When you eat carbs, try to choose whole-grain versions which contain fibre and other nutrients that help to slow the release of sugar into the blood. Make sure to balance your meal with sources of fat and protein, which smooths the curve even further, making your energy last for longer and reducing the potential for a crash. It’s also a good idea to limit servings of sugar, sweets and chocolate and to enjoy these in moderation after a meal (containing lots of other nutrients) rather than alone.
Antioxidants are protective molecules that can prevent damage to cells by free radicals. Free radicals get produced as a natural byproduct of many body functions and also come from environmental toxins such as cigarette smoke and pollution. Getting enough antioxidants through your diet is one of the best ways to protect your brain from cellular damage, helping it to maintain optimal function and keeping it strong and healthy for as long as possible. They reduce inflammation and have been shown to support learning, memory, motivation and mood. Studies show that free radical damage is associated with diseases such as Alzheimer’s, Parkinson’s and other age-related neurological disorders.
The best place to get antioxidants is through a varied, colourful diet. Some top sources of antioxidants include berries, beans, dark chocolate or cacao, leafy greens, beetroot, nuts, herbs and spices. And here’s a pro tip: a medicinal mushroom called chaga (£29.99 from www.dirteaworld.com) is one of the most antioxidant-rich foods on the planet, with more antioxidants than 600 blueberries. Omega 3s are important to keep your brain cell membranes flexible and fluid By weight, the brain is approximately 75 percent water, while the body as a whole is 60 percent water. This demonstrates how crucial hydration is to the brain’s optimal function. Dehydration has been shown to directly impact cognitive performance, including the ability to learn, remember, reason and make decisions. Dehydration also significantly affects mood and energy levels. Try to drink at least two to four litres of water per day, including hot drinks.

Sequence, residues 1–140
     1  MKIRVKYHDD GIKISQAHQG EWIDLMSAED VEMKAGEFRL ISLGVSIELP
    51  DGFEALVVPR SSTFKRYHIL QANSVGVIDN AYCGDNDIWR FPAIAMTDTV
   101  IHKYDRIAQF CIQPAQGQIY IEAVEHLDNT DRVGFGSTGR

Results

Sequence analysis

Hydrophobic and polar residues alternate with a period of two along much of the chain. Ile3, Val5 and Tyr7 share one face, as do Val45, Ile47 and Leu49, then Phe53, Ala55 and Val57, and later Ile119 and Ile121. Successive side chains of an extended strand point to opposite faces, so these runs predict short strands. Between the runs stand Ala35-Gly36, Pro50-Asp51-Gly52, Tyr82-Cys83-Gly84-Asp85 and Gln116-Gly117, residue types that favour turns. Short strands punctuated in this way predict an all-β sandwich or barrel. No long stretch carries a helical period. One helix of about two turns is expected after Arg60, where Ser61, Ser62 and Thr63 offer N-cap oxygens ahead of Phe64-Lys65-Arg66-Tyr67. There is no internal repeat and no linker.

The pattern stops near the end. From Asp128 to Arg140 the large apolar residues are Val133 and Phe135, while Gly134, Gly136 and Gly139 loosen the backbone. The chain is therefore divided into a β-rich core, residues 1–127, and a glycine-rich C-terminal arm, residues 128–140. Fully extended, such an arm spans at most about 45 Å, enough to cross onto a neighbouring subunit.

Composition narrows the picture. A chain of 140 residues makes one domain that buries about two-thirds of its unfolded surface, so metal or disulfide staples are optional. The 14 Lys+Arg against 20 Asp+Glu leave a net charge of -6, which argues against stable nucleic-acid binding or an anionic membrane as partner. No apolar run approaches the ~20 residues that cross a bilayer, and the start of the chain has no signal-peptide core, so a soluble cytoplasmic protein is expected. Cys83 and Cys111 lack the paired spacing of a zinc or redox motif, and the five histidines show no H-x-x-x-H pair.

Getting a little more specific now, but egg yolks in particular are a very rich source of choline, an essential nutrient with critical roles in the brain. Choline is used to create acetylcholine, a neurotransmitter involved in memory, mood and cognition. Unfortunately it is often deficient in our diets. Eggs are also nutrient powerhouses, providing protein and B vitamins among many other nutrients, which further support brain health. So don’t be afraid of those yolks.
Lion’s mane is the name of a medicinal mushroom that is a known ‘nootropic’, something that can enhance brain function. Studies have demonstrated its incredible benefits on brain health and cognition, even indicating its potential in the treatment and prevention of dementia.
Lion’s mane has the ability to […]